Reilly further commented on the pride she and fellow Draco aviators take in the name.

The best thing about the U-28 community, and AFSOC as a whole, is that it is a competency-based organization, she said.

All of the U-28 aircrew are equally proud of the Draco name approval.

Every Air Commando in the U-28A community dedicates themselves to the demanding task of upholding the level of expertise and respect that the name Draco commands, said Reilly. It’s extremely challenging, and we’re all immensely proud of what this name represents.

By SSgt Lynette Rolen, Air Force Special Operations Command Public Affairs

U-28 Photo by photo by A1C Joel Miller

Constellation graphic by Jeff Pendleton

The Special Forces Operator – A History Lesson

Sunday, June 30th, 2019

Written by the US Army Special Operations Command Historian, this is a very interesting piece of Army Special Forces history which is sure to ruffle some feathers. I was certainly surprised by it, having always understood use of the moniker “Operator” began in the late 70s as a legal definition.


In the last fifteen to twenty years, the practice of calling a Special Forces (SF) soldier an ‘operator’ has caused considerable rancor within Army special mission units (SMU), the original of which adopted that appellation in the late 1970s. Today, all U.S. military service special operations forces and their higher headquarters apply that moniker to their sea, land, and air warfighters. Even staff personnel adopt that term for themselves. In the warfighter units this distinction clearly delineates and separates staff and support personnel from those assessed to undergo a mentally and physically tough selection course. Those that successfully achieve the rigorous standards must satisfy a leaders’ board to qualify for advanced training that could lead to operational assignments. In some SMUs psychological, physical, and mental assessments and re-evaluations are constant, hence the phrase, ‘Selection is an ongoing process.’ Regardless of the rigor applied by Special Operations Forces (SOF) elements, feelings of rancor in the ‘ranks’ of Army SOF towards the popular use of ‘operator’ are unwarranted.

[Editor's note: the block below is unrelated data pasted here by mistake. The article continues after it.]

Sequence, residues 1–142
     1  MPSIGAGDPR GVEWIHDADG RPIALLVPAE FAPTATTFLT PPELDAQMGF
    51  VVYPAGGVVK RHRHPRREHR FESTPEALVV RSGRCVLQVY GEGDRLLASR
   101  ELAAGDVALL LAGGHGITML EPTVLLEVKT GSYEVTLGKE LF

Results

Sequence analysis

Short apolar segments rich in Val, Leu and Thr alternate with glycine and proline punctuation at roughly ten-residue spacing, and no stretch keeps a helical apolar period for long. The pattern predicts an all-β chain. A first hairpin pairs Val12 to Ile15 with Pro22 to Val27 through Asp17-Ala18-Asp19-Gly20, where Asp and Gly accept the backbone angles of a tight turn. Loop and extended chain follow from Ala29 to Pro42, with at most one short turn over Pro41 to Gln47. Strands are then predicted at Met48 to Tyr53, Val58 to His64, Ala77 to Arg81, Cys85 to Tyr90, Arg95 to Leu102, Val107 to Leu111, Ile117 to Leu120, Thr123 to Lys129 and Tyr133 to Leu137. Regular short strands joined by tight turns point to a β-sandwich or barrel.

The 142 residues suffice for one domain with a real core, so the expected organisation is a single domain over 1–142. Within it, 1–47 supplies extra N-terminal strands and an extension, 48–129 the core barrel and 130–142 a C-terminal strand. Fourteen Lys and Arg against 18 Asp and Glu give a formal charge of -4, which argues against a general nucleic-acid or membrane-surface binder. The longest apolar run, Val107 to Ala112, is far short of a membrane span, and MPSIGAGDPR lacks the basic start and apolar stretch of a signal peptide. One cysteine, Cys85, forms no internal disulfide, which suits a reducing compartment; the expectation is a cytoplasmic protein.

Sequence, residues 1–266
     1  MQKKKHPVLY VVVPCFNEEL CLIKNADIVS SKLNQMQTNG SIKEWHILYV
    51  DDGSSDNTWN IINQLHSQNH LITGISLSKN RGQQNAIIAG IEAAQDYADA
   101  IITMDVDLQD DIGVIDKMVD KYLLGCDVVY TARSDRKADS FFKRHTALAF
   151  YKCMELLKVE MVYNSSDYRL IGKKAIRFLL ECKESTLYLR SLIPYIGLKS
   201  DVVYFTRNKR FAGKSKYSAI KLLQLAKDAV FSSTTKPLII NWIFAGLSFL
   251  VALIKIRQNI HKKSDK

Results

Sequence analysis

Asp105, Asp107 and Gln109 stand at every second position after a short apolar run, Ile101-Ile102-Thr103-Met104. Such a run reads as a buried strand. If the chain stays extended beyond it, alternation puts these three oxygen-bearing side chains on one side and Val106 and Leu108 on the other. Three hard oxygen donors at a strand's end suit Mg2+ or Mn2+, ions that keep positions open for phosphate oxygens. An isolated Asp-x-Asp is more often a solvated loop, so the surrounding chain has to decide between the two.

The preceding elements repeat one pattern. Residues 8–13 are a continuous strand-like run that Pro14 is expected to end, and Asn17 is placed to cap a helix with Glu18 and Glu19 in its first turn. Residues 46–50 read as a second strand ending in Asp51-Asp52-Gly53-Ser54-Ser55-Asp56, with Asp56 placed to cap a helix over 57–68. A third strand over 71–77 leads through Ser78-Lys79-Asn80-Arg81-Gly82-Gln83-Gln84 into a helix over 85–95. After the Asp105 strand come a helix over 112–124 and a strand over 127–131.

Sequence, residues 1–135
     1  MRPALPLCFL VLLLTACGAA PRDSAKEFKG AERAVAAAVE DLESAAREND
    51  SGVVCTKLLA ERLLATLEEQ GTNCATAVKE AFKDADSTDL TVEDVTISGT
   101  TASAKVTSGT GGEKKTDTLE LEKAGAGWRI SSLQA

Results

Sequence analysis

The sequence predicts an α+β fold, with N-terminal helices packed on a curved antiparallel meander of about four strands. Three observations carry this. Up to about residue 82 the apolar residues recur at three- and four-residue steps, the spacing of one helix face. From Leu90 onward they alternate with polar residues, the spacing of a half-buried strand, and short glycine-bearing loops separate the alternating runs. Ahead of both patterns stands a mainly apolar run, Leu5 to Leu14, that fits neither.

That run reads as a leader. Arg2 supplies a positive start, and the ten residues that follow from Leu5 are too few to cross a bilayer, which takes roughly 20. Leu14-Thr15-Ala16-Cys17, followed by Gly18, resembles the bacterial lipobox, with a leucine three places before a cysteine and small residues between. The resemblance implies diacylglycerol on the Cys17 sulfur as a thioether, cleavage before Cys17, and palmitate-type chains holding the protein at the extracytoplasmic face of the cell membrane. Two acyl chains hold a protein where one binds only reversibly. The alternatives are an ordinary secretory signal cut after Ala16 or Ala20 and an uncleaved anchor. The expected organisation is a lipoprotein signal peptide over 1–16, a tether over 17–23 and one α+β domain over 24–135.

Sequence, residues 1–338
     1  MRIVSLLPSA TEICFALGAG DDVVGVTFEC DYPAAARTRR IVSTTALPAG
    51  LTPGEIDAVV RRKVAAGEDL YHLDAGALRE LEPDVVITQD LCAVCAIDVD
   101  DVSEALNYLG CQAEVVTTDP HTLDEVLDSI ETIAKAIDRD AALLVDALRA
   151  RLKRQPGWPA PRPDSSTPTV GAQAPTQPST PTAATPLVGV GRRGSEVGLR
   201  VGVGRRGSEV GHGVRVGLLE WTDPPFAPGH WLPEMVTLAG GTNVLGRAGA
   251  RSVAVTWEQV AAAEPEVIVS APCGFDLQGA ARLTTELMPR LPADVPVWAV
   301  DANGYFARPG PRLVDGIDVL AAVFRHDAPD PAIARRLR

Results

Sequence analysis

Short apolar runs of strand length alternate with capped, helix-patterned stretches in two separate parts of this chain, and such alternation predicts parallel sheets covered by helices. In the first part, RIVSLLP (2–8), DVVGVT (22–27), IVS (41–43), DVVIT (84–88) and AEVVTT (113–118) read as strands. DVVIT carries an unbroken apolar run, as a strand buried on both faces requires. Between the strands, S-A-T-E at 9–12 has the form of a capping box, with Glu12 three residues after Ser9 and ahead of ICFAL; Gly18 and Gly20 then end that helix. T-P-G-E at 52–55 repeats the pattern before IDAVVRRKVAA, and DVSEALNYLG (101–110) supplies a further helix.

Retired MAJ Albert Valentine ‘Jake’ Clement, Official Military Personnel Record (OMPR), National Personnel Records Center, St. Louis, MO.

SF did not misappropriate the appellation. Unbeknownst to most members of the ARSOF community, that moniker was adopted by Special Forces in the mid to late 1950s. SF-qualified officers and enlisted soldiers voluntarily subscribed to the provisions of the ‘Code of the Special Forces Operator’ and pledged themselves to its tenets by witnessed signature.

This document, signed by SF-qualified Infantry Captain (CPT) Albert V. ‘Jake’ Clement, an FA Team Leader [an Operational Detachment Alpha (ODA) today] in 1st Company, 77th Special Forces Group (SFG), and witnessed by John J. Hanretty on 2 April 1959, substantiates original ownership. According to Provision 10 of the SF Operator Code, the signed certificate was to be filed in one’s Official Military Personnel Records (OMPR). The original was found in the OMPR of retired Major (MAJ) ‘Jake’ Clement, second-in-command of the 10th SFG Congo Rescue Mission in 1960.

Cross-referencing sources is a standard practice of the USASOC History Office. It is critical to verify information in interviews, memoirs, and secondary source works. Primary documentation provides official, factual information to reinforce statements and/or disprove claims. Credibility is key to USASOC historical publications ‘standing the test of time.’ And, sometimes official records have surprises like the Special Forces Operator Code. It reinforced ‘silent professionalism.’ This document ought to stir memories of early SF veterans and reduce the angst among serving ‘special operators.’